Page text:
Experiencing the authentic cuisine of a foreign destination is one of the best ways to really get to know the local culture. Every dish has a story and it’s always so fascinating to learn the origins of a traditional meal and how it’s passed down from one generation to the next.
We’re all really missing visiting international destinations and it won’t be long until we can experience them again soon. In the meantime, learning how to cook traditional mouth-watering dishes from countries all over the world is one of the ways to experience it now – and get you excited for your next international trip. We hope you enjoy these eight culinary adventures!
Italy – Minestrone soup
There’s a great story about how Minestrone originated in the 2nd century BC. To summarise, Rome conquered Italy which saw a surge in economic growth and new vegetables entered the market. Italians got creative in the kitchen with their newfound vegetables, and the Minestrone craze began. Also known as the ‘poor man’s soup’, lower-class Italians would throw in their leftovers to create this delicious dish. Here’s a Minestrone Soup recipe to try at home.
France – Crepes
There’s a French urban legend about how the crepe came to be. Back in the 13th century a maid in Brittany accidentally dripped her buckwheat porridge on the cooktop resulting in a crisp thin pancake – and just like that the crepe was born! People all over the world now enjoy crepes for breakfast, lunch, dinner or dessert – it really ticks all the boxes, savoury or sweet. All you need is some eggs, flour of your choice (it was traditionally made with buckwheat flour), milk, honey, salt and butter plus your favourite toppings. Try this recipe.
Morocco – Tagine
Tagine is a North African stew and typically includes spiced meat and vegetables prepared by slow cooking in a type of cookware traditionally made of clay or ceramic with a lid that looks like a cone or dome. This vessel is also called a Tagine, but you can also use a pot on the stove or in the oven. The tagine stew is cooked in the vessel and often includes various spices like turmeric, cinnamon, saffron, ginger and cumin. This is a great vegetarian tagine – adding meat is optional and easy.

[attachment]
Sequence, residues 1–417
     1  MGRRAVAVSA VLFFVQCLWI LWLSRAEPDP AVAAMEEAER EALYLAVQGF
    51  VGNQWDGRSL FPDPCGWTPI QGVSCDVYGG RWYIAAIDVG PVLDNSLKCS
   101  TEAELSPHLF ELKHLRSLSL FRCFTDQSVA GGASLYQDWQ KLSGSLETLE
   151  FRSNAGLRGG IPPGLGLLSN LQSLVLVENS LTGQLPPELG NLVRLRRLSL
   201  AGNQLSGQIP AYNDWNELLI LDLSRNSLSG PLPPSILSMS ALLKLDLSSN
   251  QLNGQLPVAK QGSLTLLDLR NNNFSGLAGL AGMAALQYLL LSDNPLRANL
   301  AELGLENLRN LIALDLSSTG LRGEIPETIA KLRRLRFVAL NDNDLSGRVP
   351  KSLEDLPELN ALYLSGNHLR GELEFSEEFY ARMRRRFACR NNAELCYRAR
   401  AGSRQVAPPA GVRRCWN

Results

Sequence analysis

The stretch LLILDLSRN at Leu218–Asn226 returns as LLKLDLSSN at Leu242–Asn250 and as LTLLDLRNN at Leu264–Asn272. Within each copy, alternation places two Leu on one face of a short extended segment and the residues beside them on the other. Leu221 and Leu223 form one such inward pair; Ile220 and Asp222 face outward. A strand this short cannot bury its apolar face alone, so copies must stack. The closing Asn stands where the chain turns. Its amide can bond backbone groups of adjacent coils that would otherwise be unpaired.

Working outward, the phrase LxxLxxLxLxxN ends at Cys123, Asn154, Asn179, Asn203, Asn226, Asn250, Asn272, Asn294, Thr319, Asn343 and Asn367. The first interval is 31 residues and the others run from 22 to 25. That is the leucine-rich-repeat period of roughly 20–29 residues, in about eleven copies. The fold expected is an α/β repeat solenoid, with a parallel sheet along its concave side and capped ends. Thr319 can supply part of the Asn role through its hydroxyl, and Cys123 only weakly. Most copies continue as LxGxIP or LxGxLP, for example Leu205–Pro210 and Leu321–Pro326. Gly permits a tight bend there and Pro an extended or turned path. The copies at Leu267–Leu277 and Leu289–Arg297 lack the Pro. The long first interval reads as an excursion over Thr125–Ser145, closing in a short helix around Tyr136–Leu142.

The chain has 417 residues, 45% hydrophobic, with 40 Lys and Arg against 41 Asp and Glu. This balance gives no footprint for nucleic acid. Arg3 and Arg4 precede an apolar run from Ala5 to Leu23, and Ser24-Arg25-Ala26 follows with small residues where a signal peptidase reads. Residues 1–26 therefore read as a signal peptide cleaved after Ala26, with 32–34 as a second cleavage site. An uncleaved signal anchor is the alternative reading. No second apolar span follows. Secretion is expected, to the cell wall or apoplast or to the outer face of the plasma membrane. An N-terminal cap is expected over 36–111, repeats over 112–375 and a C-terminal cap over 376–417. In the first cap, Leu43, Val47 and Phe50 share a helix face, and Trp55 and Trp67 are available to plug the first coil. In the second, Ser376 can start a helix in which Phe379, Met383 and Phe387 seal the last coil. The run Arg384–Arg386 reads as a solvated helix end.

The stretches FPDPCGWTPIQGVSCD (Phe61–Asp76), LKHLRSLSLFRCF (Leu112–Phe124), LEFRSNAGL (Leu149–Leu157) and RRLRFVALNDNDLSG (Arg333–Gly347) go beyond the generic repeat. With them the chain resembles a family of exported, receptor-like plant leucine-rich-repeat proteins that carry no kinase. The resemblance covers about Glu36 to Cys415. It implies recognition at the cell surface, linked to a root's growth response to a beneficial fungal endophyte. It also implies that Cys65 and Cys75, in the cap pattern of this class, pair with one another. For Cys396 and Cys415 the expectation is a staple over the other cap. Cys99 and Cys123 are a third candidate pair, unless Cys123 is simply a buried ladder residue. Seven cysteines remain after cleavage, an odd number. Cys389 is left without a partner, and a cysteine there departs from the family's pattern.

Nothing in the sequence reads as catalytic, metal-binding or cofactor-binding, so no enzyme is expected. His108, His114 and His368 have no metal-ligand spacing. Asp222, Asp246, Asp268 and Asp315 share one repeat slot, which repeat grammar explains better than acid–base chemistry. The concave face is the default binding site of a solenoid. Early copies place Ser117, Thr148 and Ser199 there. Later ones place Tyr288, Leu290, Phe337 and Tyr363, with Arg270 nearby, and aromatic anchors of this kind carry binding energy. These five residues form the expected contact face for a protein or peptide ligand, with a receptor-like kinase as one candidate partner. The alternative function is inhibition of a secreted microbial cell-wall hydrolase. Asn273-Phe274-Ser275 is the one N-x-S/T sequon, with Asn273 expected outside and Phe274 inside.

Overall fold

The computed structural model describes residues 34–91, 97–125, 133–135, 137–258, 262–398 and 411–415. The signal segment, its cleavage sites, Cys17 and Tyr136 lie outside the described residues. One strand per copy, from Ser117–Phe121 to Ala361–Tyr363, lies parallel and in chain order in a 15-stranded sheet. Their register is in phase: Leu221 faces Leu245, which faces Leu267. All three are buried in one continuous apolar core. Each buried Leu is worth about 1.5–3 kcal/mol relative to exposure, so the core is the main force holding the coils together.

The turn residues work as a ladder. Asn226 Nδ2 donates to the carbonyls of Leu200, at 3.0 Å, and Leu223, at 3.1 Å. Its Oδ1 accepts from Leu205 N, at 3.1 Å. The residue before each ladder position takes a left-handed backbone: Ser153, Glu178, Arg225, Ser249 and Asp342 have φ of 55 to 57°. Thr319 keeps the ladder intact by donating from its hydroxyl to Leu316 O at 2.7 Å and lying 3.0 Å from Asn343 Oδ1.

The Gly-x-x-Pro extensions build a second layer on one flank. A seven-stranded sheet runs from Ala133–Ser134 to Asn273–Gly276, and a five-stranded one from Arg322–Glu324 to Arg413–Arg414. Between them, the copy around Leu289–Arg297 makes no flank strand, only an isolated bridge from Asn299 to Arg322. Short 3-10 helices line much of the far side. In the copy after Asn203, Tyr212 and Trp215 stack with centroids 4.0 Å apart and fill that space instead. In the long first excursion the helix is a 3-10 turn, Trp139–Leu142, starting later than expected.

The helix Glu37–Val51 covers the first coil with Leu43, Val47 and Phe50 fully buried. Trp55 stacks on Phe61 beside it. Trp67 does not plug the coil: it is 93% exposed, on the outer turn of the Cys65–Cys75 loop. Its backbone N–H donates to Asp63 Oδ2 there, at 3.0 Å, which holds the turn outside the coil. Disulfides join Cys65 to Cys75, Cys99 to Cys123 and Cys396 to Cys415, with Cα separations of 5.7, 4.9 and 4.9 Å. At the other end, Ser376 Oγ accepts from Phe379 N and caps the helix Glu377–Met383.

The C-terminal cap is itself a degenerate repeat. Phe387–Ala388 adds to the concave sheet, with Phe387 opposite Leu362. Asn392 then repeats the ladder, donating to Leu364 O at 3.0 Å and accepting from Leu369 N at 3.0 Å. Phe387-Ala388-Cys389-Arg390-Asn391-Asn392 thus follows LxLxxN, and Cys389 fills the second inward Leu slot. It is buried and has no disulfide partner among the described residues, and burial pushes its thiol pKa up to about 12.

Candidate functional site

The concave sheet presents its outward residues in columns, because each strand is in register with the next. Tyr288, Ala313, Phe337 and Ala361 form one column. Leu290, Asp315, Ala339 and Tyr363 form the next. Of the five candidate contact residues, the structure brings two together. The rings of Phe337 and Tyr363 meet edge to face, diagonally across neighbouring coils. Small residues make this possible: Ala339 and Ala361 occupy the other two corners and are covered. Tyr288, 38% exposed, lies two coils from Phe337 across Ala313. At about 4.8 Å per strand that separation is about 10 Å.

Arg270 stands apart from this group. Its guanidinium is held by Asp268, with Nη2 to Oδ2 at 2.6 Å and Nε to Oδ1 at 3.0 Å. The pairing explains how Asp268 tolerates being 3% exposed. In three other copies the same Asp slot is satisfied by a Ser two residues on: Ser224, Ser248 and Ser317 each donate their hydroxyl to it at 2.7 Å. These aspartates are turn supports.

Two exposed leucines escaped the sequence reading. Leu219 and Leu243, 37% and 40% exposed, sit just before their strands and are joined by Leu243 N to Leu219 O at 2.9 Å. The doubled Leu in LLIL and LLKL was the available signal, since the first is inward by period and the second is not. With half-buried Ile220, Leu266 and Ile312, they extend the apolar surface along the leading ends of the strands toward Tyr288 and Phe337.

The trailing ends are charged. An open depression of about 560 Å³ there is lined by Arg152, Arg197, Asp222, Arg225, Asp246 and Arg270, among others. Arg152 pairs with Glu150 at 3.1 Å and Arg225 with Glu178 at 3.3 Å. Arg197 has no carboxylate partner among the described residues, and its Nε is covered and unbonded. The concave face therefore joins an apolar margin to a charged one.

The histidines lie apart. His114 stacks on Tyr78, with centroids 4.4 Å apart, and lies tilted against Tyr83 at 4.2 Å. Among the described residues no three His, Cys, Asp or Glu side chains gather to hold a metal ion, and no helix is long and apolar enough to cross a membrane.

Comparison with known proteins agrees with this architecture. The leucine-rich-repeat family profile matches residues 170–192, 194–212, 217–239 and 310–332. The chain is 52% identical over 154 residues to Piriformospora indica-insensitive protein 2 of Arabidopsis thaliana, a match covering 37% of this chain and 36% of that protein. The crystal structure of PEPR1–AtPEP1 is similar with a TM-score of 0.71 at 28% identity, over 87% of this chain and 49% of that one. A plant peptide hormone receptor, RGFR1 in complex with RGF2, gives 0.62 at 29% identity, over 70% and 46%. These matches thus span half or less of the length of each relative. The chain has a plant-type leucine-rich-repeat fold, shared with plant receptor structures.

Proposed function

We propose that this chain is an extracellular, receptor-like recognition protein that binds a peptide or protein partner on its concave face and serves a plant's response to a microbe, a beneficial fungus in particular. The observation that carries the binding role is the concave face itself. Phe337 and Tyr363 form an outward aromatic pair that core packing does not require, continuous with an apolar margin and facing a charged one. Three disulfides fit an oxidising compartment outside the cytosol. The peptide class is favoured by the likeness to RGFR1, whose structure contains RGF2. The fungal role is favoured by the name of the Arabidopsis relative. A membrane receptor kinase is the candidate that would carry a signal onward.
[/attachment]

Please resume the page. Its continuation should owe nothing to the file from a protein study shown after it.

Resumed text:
Spain – Paella
When we think of Spanish food, Paella is probably the dish that springs to mind for most of us. This iconic dish originated in Valencia but is eaten all over Spain and is something most visitors search for as soon they arrive. Here is an authentic paella recipe with chicken and seafood.
India – Butter Chicken
Butter chicken emerged in Delhi in the 1950s at a restaurant in the city that served many traditional tandoori recipes. The chef mixed leftover marinade juices with butter and tomato and stewed the tandoor-cooked chicken in it – creating this internationally-loved dish by accident. Today, this dish is enjoyed all over the world and flavours have been adapted and perfected over time. Here is a delicious recipe to try at home.
Vietnam – Bahn mi
The famous Bahn mi emerged after the fall of European Colonialism in 1954. Until then the Vietnamese ate bread like the French – baguettes with a platter of cold cuts, butter and cheese. Once the French left, Vietnamese in the south were free to modify French dishes to include local ingredients and transformed into a dish that everyone could afford. Now it’s enjoyed all over the world and is such an easy dish to make at home. Try this grilled pork Bahn Mi for yourself.
Mexico – Quesadillas
The Quesadilla is a Mexican delight! The word quesadilla actually means a small cheesy thing in Spanish – when the colonists arrived in Mexico in the 16th century, the locals were eating tortillas with a variety of fillings and condiments and the Spanish started adding cheese to them. Today, the list of flavours and ingredients used are endless! From leftover meat and seafood to mushrooms, fresh vegetables and chilli, choose your own adventure – but don’t forget to add your sides! Salsa, sour cream, and guacamole are a must. Here are some great recipes to try at home.
Australia – A burger with ‘the lot’
This iconic burger doesn’t really have any historical significance like the other dishes mentioned in this post, but it’s a well-known Aussie favourite. The burger with the lot includes a meat patty, lettuce, tomato, cheese, bacon, sauce, and the secret (or not so secret but a must) is a slice of pineapple, beetroot (some would question these two additions – we’re not here to judge!) and of course a fried egg. Make it vegan or vegetarian by subbing in a meat-free patty, removing the bacon and adding in some vegan cheese. Here is a burger with the lot recipe for you to impress your friends and family.
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